I got the basic idea from several posts like this one about using Aleene’s Fabric Fusion Peel & Stick Sheets to make fabric appliques. Based on this review of fabric markers, I decided to purchase Pentel Fabric Gel Roller Pens in black for fine lines (2 packs of 2) and Pentel Arts Fabric Fun Pastel Dye Sticks (15 color set). The dye sticks are just like crayons, but a little softer, and can be blended, but they do smear easily. The nice part is they clean off of stencils with just a little rubbing with dry paper towels. I purchased some stencils with words like “giggle” and “play”, basic alphabets, sun/clouds/moon, and leaves.

Aleene’s Fabric Fusion Peel & Stick Sheets are 4.25×5 inches, so I figured that quilter’s charm packs (typically about 40 assorted pieces of 5×5 inch fabric squares per charm pack) would be almost perfect. I wanted a variety of prints. This baby’s nursery theme is woodland animals, so I tried to find some fabrics that went along with “nature” and had “boyish” colors, whatever that means. I’m a quilter, so having extra charm squares leftover was not a big deal to me, so I purchased two Moda charm packs.  I washed the fabric squares in a lingerie bag, ironed them, and picked out the ones I thought would work best.  I applied the adhesive to the back side.  I found clip art online of a fox, an owl, a squirrel, a rabbit, a bird, an acorn, a crescent moon, circles, stars, and assorted mushroom caps and stems, and added some freehand clouds.  I traced these onto template plastic and traced the templates onto the adhesive-backed fabric squares.

I purchased pieces of inexpensive white, yellow, and light blue bodysuits, shirts, and bibs in sizes 3 mo. through 18 mo. Light colors were recommended for the dye sticks, and this shower was for a baby boy. I did test runs on a blue shirt and a green bib to see how the dye sticks would work out. I decided that ironing freezer paper on the inside of the clothes and the back of the bibs might be helpful for stabilizing the fabric to make writing easy and to keep the pens and dye sticks from bleeding through. I ironed and washed my test shirt and bib, and the appliques did well, only unsticking on thin parts like an acorn cap stem and a lightning bolt, and one cloud wrinkled. The dye sticks faded, but not too badly. The pen looked almost as good as it did before washing.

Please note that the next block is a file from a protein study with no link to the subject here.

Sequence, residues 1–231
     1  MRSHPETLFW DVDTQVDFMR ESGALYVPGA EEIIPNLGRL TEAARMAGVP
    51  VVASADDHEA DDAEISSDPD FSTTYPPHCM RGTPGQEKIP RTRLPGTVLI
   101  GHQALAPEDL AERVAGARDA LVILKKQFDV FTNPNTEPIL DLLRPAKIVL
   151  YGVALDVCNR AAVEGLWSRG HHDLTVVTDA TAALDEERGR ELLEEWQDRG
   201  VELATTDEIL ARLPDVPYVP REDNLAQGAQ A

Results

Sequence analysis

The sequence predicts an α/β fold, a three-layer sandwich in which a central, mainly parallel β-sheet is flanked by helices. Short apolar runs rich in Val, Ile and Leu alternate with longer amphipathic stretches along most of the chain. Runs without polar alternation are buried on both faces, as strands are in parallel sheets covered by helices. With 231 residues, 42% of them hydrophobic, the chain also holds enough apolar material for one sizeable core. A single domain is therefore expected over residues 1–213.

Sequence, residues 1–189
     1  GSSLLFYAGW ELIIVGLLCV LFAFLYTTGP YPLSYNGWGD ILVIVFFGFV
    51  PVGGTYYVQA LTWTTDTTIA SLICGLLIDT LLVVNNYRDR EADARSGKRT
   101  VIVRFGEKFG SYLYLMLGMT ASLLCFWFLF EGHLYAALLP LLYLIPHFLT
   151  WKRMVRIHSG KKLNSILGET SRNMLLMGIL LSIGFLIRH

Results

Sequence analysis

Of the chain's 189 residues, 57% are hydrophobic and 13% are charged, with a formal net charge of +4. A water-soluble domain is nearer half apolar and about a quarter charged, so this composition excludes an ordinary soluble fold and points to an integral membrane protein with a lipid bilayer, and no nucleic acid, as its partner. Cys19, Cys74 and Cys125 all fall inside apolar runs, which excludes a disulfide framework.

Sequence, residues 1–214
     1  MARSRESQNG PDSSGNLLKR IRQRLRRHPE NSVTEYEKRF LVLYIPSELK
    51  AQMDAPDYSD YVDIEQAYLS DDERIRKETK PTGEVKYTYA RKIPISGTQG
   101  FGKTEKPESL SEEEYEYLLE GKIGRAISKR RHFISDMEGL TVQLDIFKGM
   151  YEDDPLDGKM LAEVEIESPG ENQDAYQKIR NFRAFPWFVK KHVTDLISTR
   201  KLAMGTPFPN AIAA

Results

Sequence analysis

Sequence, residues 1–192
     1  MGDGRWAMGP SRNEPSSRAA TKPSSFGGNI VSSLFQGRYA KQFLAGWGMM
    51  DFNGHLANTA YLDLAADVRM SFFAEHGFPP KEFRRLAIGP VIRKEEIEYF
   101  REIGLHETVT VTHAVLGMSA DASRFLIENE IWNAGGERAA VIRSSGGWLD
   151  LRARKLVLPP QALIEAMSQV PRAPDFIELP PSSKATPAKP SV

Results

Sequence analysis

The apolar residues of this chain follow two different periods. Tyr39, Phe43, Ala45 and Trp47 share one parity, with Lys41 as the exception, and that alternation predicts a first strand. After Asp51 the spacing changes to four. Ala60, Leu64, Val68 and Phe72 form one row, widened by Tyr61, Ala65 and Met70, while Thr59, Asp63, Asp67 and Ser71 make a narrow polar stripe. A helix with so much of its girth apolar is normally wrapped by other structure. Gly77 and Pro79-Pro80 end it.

Here’s the shopping/source list.  Our estimate was that a maximum of 28 people would show up for the shower, and in fact the total count ended up being about 16.  I purchased enough to make about 30 pieces of clothing, and it was just the right amount for our 16 people with only a few left over.

  • About 30 pieces of light colored cotton clothing in various sizes

various sizes and colors of t-shirts from the Dharma Trading Company
various colors of bibs from the Dharma Trading Company
various colors and sizes of bodysuit from the Dharma Trading Company

  • 6 packs of Aleene’s Fabric Fusion Peel & Stick Sheets
  • One charm pack of fabric (I chose to purchase two for variety, but one would have been more than enough). I chose Moda – Wren & Friends and Kate Spain for Moda – Sunnyside.
  • Pentel Arts Fabric Fun Pastel Dye Sticks, 15 Color Set
  • Two packs (total of 4 pens) of Fabric Gel Roller Pens 2/Pkg
  • stencils to use with the pens and dye sticks (alphabets, sayings, etc.)
  • search online for clip art or buy stencils for making the appliques
  • a piece of template plastic & pencils or pens for tracing templates – available in most sewing and craft stores (I traced the stencils before the party)
  • scissors for cutting out appliques (I cut out the appliques before the party)
  • freezer paper (I cut pieces and ironed onto the back sides of clothing before the party)
  • cardboard rectangles and pins
  • an iron for ironing the fabric squares, adhering the freezer paper, and setting the pastel dye sticks
  • clothesline and clothes pins for display at the party (we draped our clothesline over a curtain rod)
  • paper towels to clean the stencils and to put between the pieces of clothing when you pack up to prevent the dye sticks from transferring from the front to the back of the clothes
  • scent free, dye free laundry detergent for washing the finished products

Check out some of the finished products!  With the exception of the blue t-shirt with a rain cloud and thunderbolt and the green bib with the acorn, these have not yet been ironed or washed.


UPDATE: despite my test run, these did NOT wash well.  The peel-and-stick appliques came off, some entirely, some only partially.  It was a huge disappointment.  I have since decided to do raw edge applique with just plain fabric cut outs using plain running stitch a mm or so in from the edge or blanket stitch at the edge. I did use some of my leftover peel-and-stick shapes and tried to sew through them, but I don’t recommend that – sewing through is painful, although they wash up great!  Also, a friend lent me Stained by Sharpie fabric markers, and they work wonderfully, although the tips are soft so it can be difficult to do fine lines on knits. For that the Fabric Gel Roller Pens are better. The Sharpie Stained markers wash well – the colors stay dark.